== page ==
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Written by Matt Ruddick
As seen in the June 2018 issue of
Model Aviation.

Nearly all facets of aeromodeling have a major event at some point in the year that participants look forward to with great excitement. Traditions have been forged around these gatherings of like-minded hobbyists and competitors that display some of the greatest traits of our hobby.

The International Radio Controlled Helicopter Association (IRCHA) Jamboree is held at the beginning of August in Muncie, Indiana, and is a must-see destination for helicopter pilots. Joe Nall Week at the Triple Tree Aerodrome in Woodruff, South Carolina, attracts hundreds of pilots from all disciplines each May.

On the freestyle course, unorthodox obstacles were used to create unique lines of tricks.

Last August, more than 300 drone pilots and other members of the drone community began their own tradition at an event known as the RIOT MultiGP International Open, held at the International Aeromodeling Center (IAC) in Muncie. As we approach the 2018 event, I want to share some of the things that made the inaugural event so successful.

With eight courses and 1,100 acres of flying site land, the International Open is currently the largest gathering of drone racing pilots in the world. Pilots of all skill levels from throughout the US and multiple countries were there to compete, teach, learn, and have fun during the five-day event, and those are the things that made it so memorable. Pilots were able to fly with those whom they’ve seen on TV, YouTube, and Facebook. Questions were encouraged, and answers were widely available.

Two-time DRL champion Jordan Tempkin prepares for a race.

The aforementioned eight courses gave a “something for everyone” feel to the event. A rookie course was present for those who were new to racing. It lacked the 3D elements of some of the larger courses and replaced them with longer straights and sweeping turns that a new pilot could effectively navigate.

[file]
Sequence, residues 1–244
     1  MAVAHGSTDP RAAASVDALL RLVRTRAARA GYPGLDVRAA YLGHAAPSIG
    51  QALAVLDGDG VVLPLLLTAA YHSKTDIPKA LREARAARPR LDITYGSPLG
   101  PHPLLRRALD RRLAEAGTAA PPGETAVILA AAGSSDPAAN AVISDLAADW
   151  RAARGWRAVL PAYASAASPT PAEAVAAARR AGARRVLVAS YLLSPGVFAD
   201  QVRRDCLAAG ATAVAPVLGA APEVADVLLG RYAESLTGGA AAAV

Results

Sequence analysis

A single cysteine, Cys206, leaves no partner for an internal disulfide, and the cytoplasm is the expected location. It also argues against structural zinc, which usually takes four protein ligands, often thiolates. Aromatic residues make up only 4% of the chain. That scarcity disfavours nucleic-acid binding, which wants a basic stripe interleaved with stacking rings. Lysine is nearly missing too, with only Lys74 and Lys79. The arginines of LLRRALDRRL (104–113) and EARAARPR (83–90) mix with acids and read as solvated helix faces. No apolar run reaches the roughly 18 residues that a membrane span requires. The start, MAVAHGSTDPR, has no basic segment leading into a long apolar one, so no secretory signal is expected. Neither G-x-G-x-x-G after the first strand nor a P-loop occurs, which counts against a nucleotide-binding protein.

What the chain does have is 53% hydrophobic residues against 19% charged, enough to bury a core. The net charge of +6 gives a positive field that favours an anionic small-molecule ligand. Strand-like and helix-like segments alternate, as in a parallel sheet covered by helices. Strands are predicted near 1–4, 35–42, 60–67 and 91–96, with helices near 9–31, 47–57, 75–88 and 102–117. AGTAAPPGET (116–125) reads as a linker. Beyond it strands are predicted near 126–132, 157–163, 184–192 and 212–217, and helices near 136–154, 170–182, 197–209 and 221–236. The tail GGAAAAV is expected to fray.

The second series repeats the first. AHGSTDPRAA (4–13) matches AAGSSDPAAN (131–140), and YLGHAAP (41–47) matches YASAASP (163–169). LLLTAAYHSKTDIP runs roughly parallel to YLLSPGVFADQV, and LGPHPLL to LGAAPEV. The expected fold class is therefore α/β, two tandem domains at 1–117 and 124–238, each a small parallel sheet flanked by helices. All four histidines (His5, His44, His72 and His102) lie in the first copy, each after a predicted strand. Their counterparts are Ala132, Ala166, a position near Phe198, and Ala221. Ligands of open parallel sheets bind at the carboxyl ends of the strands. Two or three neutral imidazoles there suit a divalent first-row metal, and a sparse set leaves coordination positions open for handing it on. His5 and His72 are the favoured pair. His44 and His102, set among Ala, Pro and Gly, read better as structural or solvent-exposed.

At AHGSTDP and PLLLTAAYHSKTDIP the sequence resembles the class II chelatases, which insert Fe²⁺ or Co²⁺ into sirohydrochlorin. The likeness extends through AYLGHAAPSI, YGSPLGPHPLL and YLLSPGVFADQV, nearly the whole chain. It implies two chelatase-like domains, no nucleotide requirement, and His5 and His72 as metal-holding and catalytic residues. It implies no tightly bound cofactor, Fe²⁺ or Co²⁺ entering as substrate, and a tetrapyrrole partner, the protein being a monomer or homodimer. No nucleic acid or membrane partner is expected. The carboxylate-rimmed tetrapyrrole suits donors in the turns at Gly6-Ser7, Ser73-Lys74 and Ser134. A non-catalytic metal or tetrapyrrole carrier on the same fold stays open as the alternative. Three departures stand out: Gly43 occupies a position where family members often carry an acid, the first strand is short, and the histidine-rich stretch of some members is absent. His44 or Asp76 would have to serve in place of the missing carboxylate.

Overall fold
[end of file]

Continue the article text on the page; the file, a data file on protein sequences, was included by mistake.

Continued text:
A trophy was even offered to the winner of the rookie class race, who ended up being someone who isn’t exactly new to racing but was competing in his first drone racing event—IndyCar Series driver Gabby “Cannonball” Chavez.

Well-known pilots, including Tommy Tibajia (L) who is shown here, were on hand to offer tips and guidance to attendees.

A course specifically designed for spec racing was built to test pilot ability instead of the quality of the aircraft. Each pilot’s aircraft had to meet a specifically mandated set of criteria and use a predetermined set of components. Australian flier Thomas Bitmatta beat out a stacked field of top competitors to take the highest prize on the spec course.

The World Cup course was most definitely the pièce de résistance. Double gates, gravity gates, hurdles, and flags were lined up in this race to test the top pilots from around the world. Featuring a number of Drone Racing League (DRL) pilots, former MultiGP champions, and young newcomers, the World Cup was a nail-biter all the way down to the finals that finished shortly after 1 a.m., when Thomas was able to come away with the title of MultiGP International Open World Cup Champion. It might have been a late night for these racers, but it didn’t lack excitement.

Thomas Bitmatta (L) runs the World Cup course during a qualifying round. He moved on to win the World Cup Championship.

Of course, it wasn’t all about the racers at the International Open. Sponsored by Rotor Riot, the freestyle course gave pilots a place to show off their creative spirits. Using 3D structures, towers, and even farm equipment, pilots demonstrated their skills by flipping around, over, and sometimes under different obstacles in an attempt to impress the onlookers and to get the best onboard video to later share.

The rookie course kept it simple with long straights and sweeping turns that novice pilots could master.

Members of the Rotor Riot team even held games of KWAD, where players had to match tricks in the same way basketball players match shots in games of HORSE.

There was so much more at this event than I could possibly discuss. If you’d like to read more about the MultiGP International Open, go back and check out the December 2017 issue of Model Aviation to read our full coverage. There truly was something for everyone at this event. If you missed it, I have some good news for you. The dates for the 2018 MultiGP International Open have been set for August 8-12 at the IAC in Muncie. Tickets are available at the link listed in “Sources.”

Nighttime events included a micro course for aircraft such as Tiny Whoops.

If year one was any indication, you will want to be a part of this tradition.

-Matt Ruddick


(321) 549-3002

MultiGP International Open

Rotor Riot


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